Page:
Written by Joanna Hoang
Wednesday, 24 November 2010
Manual Washing Machine
Washing machines can cost hundreds and even thousands of dollars a year to run depending on your washing machine type, whether or not you use hot, warm, or cold water, your energy company’s prices, water company’s prices, and the number of loads you run per week! Most significantly, roughly ninety percent of the energy used by washing machines just goes towards heating water!1
So, how about a bike pedal-powered washing machine? Currently, there are many different designs and ideas for pedal powered washing machines. The goals differ, but they include reducing energy and water consumption and costs, and increasing accessibility for people who cannot afford and/or do not have the energy capacity to own conventionally powered washing machines. By now you are probably wondering how you can manage to get your hands on a pedal powered washing machine... Unfortunately, at this time there are no pedal powered washing machines available for mass production and thus for purchase by consumers. However, if you are handy with tools you can build your own!
BENEFITS FOR THE ENVIRONMENT: Medium to High. Using a pedal powered washing machine will help you use significantly less energy and save water.
COSTS: Low - Medium
TIME AND EFFORT: Extremely High
Here are guidelines and instructions for making a pedal powered washing machine based on Homeless Dave’s Project: homelessdave.com. Homeless Dave had been using a handwasher to do laundry for over a decade, and in early 2007 he decided to build a pedal powered machine and use that instead.2
First off you need to obtain a conventional washing machine, a bike, and a toolkit. Try to find either a broken washing machine and bike or ones that are no longer being used, following the “reduce, reuse, recycle” mantra!
Modify your washing machine:
Modify the Trainer using your pulley
Remove the outer metal shell, usually white in color, from your washing machine by removing and unscrewing every bolt on the machine.
- Take out the electric motor from your washing machine frame.
- Remove the pulley from the motor’s shaft.
- Take off the drain hose that connects the tub to the pump.
- Save the belts from the pulley.
Piecing it all Together
- Buy three tension pins from a hardware store and a drill bit.
- Drill three even spaced holes on the pulley.
- Have the pulley positioned on the fly wheel so that it is centered and drill through the flywheel.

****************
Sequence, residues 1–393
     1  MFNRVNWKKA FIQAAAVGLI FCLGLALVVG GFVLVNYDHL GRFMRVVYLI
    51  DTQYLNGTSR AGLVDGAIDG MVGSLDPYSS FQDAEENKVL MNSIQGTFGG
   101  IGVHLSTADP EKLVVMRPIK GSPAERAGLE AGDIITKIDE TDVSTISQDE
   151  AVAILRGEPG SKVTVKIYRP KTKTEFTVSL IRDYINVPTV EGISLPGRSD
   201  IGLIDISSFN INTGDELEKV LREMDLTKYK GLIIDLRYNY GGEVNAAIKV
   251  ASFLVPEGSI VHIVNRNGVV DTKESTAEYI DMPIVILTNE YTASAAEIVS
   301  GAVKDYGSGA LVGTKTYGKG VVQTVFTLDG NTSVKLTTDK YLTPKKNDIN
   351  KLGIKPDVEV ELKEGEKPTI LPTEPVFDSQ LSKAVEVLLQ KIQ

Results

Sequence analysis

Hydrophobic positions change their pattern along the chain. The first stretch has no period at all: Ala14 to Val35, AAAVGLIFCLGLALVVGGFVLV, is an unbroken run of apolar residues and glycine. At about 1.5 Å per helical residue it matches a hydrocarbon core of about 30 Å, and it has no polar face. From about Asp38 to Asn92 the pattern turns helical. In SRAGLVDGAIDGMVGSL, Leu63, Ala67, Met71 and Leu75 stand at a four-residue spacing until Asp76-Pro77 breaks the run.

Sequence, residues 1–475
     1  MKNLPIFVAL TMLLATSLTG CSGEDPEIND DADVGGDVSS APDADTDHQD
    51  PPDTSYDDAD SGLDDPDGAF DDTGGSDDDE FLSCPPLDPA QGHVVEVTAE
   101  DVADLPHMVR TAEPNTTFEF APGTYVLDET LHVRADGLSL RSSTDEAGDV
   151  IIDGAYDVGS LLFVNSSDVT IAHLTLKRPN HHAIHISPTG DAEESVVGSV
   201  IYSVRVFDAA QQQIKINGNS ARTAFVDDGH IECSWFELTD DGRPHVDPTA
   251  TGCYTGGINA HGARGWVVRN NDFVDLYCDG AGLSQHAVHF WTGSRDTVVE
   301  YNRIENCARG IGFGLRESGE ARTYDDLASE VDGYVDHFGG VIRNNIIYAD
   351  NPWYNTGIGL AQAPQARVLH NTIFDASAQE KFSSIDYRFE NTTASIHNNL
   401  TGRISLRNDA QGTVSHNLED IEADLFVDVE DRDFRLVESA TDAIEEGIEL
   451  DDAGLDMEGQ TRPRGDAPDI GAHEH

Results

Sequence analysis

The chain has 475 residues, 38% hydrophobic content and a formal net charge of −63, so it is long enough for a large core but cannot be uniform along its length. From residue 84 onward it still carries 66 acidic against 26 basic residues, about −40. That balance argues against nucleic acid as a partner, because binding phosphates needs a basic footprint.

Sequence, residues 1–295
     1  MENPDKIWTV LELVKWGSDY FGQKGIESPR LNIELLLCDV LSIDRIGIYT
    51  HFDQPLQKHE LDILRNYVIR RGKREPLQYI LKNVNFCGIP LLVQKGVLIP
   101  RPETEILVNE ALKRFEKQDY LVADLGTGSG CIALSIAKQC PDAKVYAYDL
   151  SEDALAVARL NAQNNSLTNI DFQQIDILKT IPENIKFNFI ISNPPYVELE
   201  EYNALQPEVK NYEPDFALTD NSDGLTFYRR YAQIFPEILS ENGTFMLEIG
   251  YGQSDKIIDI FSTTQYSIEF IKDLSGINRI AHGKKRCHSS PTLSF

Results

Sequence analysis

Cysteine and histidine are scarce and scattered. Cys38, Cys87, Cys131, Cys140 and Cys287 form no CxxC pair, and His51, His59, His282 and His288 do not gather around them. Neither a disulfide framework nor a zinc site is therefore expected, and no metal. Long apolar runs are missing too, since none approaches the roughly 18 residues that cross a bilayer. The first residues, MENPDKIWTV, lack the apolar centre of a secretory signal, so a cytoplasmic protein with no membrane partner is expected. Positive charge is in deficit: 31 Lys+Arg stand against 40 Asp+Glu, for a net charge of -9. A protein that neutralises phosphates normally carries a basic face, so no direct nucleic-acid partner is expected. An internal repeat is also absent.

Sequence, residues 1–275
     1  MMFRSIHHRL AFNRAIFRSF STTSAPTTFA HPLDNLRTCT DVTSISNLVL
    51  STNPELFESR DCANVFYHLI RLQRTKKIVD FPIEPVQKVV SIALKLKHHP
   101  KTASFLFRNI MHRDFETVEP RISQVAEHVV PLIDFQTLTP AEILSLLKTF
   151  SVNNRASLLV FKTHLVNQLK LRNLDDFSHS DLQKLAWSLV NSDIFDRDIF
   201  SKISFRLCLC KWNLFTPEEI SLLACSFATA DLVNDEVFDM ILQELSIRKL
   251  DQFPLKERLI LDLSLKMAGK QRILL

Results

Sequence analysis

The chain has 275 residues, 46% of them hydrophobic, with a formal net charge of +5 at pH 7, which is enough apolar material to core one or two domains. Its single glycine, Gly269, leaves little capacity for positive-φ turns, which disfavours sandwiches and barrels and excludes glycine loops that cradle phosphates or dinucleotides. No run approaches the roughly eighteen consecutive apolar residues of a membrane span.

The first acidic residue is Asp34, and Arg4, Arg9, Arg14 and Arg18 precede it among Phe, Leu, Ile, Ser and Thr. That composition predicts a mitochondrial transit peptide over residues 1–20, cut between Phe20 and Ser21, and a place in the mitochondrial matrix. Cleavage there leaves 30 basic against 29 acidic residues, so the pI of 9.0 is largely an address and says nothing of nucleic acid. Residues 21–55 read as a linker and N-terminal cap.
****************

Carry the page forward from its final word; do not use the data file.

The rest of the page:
- Hammer in the tension pins.
Your final project should look similar to the one in the photo below:
- Position your bicycle stand and the washer in a position that you think will work for the design.
- Measure/Estimate how long of a belt you will need.
- Take the belt from step 1 to a hardware store and get one that’s the same except closer to the estimated size that you need, which will most likely be longer than the one you have.
- Drill and attach a large piece of plywood under your washer.
- Attach the belt with the training stand resting on the piece of plywood.
- Test your configuration.
- Drill holes to attach the training stand feet.
- Modify your configuration as necessary.
Try washing your clothes in your new nifty laundry machine!
Once you are done pedaling away at this powerful washing machine, hang your clothes up to dry out in the sun, as your clothes dryer could be accounting for ten percent of your total electricity use!.4 If it is raining outside, consider hanging them inside to air dry ☺ The completely environmentally friendly way to wash your clothes powered conveniently through human power!
For more eco-friendly laundry tips: "Laundry Make it Eco Friendly"
For more eco-friendly drying tips: "Dry Your Clothes on a Clothesline"
Pedal Powered Washing Machines to watch for:
A team of engineering students at MIT, Massachusetts Institute of Technology, are designing a bicycle powered washing machine from bike parts and empty barrels in a project called Bicilavadora for residents of developing countries.5 Another cool laundry machine design by Shang Che Wu also uses pedal power, but not in the form of a bike. The form of this design is very much like a laundry basket. A prototype of the design has not been built yet, but the idea is amazing:
Browse all Greeniacs Guides
Browse all Greeniacs Guides
Browse all Greeniacs Articles
Only registered users can write comments.Click here to Register. Click here to login.
Please login or register.
Last Updated ( Monday, 31 October 2011 )